BALDWIN PARK — The political futures of three City Council members will be decided next spring in a recall election forced by opponents of a city-imposed utility tax approved last year.
"I will never stop until that council is gone or the utility tax is gone," said Herschel Keyser, the leader of a petition drive that gathered more than the 2,899 signatures needed against each of the councilmen.
The council has until Dec. 17 to set the date of the recall election against Mayor Jack B. White and Councilmen Robert H. McNeill and Leo W. King.
The three council members said they are confident that they will prevail in the election.
'Bit of a Nuisance'
"I don't think the recall will succeed," White said, adding that for the first time in the city's history, there was no election this year because all three incumbent councilmen up for reelection were unopposed.
"It's a bit of a nuisance," said White, 53, who has served on the council since 1978.
The city must hold the election in March or April, said City Clerk Linda L. Gair. At a council meeting Wednesday night, Gair submitted the petitions, which had been verified by the Los Angeles County registrar-recorder's office.
If all three councilmen are turned out of office, the city must hold another election within 89 days of the recall. The council members would retain their seats until successors were chosen, Gair said.
If only one or two of the members were recalled, each would have to step down immediately and an election to replace them must be held within 88 to 125 days, Gair said.
The county will charge about $16,000 for verifying the signatures and Gair estimated that the city will pay about $10,000 to conduct the recall election. An election to replace recalled councilmen would cost another $10,000, she said.
The campaign against the councilmen began earlier this year, when members of Concerned Citizens for Better Government and the Baldwin Park Homeowners Group combined petition efforts demanding a recall vote and a referendum on a controversial redevelopment project.
Homeowners were upset with the city's Sierra Vista Redevelopment Project, which calls for the Community Redevelopment Agency to spend as much as $200 million to help finance commercial and industrial development along the San Bernardino Freeway.
Residents feared that their homes would be taken to make room for retail stores.
In the referendum on the Sierra Vista Redevelopment Project held during the general election last month, voters approved the plan by a margin of 52% to 40%. The remaining 8% did not vote on the issue.
Lorin Lovejoy, a member of the homeowners group, said both the redevelopment and the tax issues involve taxation without representation and citizens' rights.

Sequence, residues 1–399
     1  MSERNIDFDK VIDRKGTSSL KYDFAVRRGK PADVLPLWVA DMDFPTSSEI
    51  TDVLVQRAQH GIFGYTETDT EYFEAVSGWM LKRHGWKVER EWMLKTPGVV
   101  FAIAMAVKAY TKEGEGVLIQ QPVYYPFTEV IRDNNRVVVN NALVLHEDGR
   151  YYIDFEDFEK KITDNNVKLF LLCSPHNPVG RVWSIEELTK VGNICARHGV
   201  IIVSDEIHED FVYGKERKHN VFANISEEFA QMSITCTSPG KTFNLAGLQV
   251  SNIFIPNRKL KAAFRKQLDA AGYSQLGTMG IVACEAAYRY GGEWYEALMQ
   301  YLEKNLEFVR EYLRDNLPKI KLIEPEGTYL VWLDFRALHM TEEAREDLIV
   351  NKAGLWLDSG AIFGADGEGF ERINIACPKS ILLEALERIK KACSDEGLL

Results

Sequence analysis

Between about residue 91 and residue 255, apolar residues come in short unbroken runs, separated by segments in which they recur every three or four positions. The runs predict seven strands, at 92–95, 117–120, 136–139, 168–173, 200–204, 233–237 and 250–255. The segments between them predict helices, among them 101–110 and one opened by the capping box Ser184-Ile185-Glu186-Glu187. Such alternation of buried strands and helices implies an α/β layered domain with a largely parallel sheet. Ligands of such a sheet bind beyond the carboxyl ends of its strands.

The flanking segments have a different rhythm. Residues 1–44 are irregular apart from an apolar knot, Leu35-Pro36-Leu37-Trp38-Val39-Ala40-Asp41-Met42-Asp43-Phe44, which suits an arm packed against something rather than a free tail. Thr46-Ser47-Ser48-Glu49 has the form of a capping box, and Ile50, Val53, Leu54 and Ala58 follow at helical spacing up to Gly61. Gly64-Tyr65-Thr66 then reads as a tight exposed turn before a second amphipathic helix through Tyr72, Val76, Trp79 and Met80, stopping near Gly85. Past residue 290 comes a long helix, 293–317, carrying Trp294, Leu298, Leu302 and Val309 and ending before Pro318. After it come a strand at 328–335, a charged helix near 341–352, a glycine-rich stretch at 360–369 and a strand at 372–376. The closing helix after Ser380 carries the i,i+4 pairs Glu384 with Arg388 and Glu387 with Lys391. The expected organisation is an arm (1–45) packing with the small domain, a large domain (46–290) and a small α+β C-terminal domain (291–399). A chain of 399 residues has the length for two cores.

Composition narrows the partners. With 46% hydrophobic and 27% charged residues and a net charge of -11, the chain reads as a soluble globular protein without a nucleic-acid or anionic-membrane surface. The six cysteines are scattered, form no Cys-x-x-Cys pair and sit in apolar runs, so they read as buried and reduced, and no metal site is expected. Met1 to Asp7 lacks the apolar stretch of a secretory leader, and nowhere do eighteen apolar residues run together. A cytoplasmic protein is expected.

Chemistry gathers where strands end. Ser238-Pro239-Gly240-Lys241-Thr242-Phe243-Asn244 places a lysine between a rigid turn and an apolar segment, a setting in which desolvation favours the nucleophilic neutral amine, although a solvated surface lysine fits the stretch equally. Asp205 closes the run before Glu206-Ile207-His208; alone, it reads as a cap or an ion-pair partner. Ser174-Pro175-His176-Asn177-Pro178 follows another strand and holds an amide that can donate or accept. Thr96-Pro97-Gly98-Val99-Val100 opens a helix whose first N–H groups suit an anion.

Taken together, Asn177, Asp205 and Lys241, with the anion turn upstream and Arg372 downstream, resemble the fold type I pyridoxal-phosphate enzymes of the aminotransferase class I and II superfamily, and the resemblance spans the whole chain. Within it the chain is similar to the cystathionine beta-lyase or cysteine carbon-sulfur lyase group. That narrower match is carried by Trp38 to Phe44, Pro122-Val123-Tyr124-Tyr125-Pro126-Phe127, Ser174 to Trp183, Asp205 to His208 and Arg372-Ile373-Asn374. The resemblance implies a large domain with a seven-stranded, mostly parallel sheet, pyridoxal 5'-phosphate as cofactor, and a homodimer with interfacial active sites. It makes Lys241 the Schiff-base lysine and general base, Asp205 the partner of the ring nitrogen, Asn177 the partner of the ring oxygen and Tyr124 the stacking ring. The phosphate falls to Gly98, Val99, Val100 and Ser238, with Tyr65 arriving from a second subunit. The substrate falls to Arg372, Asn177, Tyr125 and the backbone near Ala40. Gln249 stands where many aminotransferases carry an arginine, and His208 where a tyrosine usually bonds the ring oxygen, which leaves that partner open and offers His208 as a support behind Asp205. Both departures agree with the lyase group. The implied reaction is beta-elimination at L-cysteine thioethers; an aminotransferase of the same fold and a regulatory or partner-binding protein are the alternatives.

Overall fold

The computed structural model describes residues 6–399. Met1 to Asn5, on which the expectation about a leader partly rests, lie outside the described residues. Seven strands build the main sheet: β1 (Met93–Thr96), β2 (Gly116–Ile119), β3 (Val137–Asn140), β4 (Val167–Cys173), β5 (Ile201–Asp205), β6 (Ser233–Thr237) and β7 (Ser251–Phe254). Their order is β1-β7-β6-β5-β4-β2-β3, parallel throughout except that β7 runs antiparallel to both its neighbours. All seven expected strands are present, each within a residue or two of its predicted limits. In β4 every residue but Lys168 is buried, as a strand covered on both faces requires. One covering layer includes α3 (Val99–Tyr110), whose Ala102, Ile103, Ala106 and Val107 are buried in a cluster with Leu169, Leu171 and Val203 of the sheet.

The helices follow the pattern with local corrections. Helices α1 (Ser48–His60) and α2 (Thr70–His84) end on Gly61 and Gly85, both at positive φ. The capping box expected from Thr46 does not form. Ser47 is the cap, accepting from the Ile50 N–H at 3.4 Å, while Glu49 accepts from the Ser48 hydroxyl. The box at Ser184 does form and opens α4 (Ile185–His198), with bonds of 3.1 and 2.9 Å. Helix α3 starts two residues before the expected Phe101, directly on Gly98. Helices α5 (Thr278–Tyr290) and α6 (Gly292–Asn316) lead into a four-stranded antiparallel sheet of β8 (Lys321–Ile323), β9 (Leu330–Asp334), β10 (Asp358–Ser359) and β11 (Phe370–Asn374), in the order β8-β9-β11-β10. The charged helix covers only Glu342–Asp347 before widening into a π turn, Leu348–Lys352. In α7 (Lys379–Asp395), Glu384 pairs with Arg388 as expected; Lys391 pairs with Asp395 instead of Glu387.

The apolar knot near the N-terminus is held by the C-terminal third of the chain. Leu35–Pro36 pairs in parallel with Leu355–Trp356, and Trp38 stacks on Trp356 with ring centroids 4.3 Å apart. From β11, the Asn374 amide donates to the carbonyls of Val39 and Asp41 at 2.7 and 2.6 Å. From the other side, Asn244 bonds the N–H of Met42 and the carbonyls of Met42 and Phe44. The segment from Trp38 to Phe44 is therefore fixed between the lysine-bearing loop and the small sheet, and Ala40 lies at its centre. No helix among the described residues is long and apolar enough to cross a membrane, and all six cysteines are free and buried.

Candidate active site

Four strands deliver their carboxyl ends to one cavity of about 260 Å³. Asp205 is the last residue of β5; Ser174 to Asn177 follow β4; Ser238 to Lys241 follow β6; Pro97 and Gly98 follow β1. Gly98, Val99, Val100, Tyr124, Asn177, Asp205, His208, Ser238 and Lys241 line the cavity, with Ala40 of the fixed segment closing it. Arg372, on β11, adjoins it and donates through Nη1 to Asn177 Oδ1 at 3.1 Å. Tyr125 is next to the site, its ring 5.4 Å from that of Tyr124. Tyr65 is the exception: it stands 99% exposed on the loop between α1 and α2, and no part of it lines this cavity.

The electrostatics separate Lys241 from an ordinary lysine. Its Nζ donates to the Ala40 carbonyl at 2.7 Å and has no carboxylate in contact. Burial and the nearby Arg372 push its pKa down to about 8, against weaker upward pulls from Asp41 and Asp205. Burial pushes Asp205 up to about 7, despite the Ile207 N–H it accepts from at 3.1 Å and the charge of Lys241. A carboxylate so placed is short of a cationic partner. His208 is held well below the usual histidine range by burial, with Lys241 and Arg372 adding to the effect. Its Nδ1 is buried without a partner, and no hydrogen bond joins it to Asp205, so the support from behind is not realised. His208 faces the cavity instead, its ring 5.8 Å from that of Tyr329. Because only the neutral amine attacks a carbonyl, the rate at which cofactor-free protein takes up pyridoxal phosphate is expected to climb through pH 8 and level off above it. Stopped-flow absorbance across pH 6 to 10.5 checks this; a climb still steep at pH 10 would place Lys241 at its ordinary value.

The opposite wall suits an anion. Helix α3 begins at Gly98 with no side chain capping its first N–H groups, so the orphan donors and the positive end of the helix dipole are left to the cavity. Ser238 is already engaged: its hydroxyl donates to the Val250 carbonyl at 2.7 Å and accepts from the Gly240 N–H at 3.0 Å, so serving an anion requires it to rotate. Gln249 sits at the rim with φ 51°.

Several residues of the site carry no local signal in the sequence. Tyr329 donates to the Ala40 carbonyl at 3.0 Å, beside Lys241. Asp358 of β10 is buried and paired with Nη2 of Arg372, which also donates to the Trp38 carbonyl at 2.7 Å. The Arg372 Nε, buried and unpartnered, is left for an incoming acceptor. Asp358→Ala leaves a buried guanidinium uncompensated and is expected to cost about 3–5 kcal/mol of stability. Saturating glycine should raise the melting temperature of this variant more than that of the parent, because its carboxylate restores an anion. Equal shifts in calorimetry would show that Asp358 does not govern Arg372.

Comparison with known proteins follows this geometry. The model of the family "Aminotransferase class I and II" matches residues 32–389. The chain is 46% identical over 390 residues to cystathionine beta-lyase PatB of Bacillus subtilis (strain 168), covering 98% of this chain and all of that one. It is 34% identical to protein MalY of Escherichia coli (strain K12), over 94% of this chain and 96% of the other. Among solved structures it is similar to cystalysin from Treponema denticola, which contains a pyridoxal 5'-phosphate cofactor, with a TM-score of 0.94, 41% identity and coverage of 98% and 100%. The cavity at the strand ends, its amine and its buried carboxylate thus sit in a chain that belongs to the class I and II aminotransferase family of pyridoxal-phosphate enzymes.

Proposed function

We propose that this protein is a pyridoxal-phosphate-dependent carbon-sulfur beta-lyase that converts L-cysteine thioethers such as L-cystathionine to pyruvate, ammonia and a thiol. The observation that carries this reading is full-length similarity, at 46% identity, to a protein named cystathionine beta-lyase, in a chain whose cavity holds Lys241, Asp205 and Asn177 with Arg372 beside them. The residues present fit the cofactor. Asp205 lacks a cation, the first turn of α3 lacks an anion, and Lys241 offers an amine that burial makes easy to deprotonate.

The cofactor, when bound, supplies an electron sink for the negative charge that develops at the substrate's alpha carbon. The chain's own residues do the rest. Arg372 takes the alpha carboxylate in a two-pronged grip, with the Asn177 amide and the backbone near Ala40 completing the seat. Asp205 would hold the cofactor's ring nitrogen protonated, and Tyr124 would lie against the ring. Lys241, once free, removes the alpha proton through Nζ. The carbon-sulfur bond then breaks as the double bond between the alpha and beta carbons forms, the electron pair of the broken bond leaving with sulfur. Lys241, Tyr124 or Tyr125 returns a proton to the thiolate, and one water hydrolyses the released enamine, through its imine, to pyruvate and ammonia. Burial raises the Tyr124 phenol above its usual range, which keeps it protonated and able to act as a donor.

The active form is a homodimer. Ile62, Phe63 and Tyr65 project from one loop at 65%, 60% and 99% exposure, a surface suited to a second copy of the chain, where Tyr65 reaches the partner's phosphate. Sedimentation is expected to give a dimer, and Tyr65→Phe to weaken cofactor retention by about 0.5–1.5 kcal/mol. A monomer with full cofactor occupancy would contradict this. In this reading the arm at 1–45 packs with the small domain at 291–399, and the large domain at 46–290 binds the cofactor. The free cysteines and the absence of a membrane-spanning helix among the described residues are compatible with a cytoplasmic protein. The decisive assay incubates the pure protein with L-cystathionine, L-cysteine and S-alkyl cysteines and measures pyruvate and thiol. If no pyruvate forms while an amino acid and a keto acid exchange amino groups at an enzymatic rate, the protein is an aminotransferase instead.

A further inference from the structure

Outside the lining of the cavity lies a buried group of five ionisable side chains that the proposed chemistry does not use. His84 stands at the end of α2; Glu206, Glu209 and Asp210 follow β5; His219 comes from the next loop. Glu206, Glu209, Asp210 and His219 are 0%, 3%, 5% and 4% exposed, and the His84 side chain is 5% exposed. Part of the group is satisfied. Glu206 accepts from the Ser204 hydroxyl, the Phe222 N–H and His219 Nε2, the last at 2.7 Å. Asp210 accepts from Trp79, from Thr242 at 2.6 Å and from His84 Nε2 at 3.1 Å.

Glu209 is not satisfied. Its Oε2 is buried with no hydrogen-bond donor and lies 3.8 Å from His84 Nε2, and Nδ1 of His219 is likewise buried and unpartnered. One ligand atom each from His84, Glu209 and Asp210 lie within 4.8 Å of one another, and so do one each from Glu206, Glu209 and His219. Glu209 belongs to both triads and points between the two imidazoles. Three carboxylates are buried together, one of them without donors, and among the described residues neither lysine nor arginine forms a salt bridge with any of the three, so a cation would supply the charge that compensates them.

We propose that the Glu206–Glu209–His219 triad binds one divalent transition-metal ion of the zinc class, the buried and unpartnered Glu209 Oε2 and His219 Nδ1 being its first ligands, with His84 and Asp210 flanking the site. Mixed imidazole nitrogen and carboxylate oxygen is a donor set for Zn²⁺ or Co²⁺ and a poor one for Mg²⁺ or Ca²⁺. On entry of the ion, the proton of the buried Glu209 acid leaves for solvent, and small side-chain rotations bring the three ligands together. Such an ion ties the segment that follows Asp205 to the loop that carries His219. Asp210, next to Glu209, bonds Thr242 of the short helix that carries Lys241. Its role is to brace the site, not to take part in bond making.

"I felt they (the council members) betrayed our trust, and, therefore, as long as they are in office, we were still in jeopardy," Lovejoy said.
Council members retort that they had to choose between imposing the utility tax or substantially cutting services in the Police Department.
White said the tax was needed to offset a $655,000 loss in federal revenue-sharing money that had been used exclusively to help finance the department.
The original tax added 5% to telephone, electric, gas, water and cable-television bills. The average homeowner paid about $60 per year, according to city officials.
The council reduced the tax to 4% earlier this year because more money was raised than had been expected.
Since inception of the tax in August, 1985, the city has raised about $1.2 million, said Michael R. Yelton, the city's director of administrative services. The money has been used to replace the lost federal revenue-sharing money, increase salaries in the Police Department and hire six new officers.
When they approved the tax, council members said they had hoped to phase it out as city redevelopment projects began generating revenue for the city.
Voter Approval Needed
But because of the passage last month of Proposition 62, which requires voter approval for any tax passed after July 31, 1985, the council has until Nov. 5, 1988, to either eliminate the tax or let voters in the city decide its fate.
The three council members under fire say the recall election is unnecessary and unfair.
King, 58, who has served on the council since 1978, called the effort unjust and said that recall elections should be limited to public officials "that aren't intelligent enough to make decisions. They have acted badly, they have been dishonest and deceitful. These are things that should cause a recall."
McNeill, 69, also a council member since 1978, agrees.
"If they get angry at somebody and don't like the color of his hair, they'll try to recall," he said.
'Bone to Pick'
The councilmen also believe that antagonists like Keyser and his group, which claims about 20 members, are in the minority and, in McNeill's words, "have a bone to pick" with the council because other attempts to stop the imposition of the tax failed.
Keyser's group had earlier collected enough signatures to force a referendum on the tax, but the state legislative counsel in Sacramento ruled that utility taxes are not subject to the initiative process, according to City Clerk Gair.
Keyser contends that the recall effort is not a personal attack on the councilmen, who he said seemed to be the leaders in advocating passage of the utility tax, which was unanimously approved.
"I don't have anything against the council except it slaps me with a tax every time I turn around," he said. "If that's what you call a bone, then I've got one to pick. We know we're little people, but we're not going to be lorded over by people who think they're gods."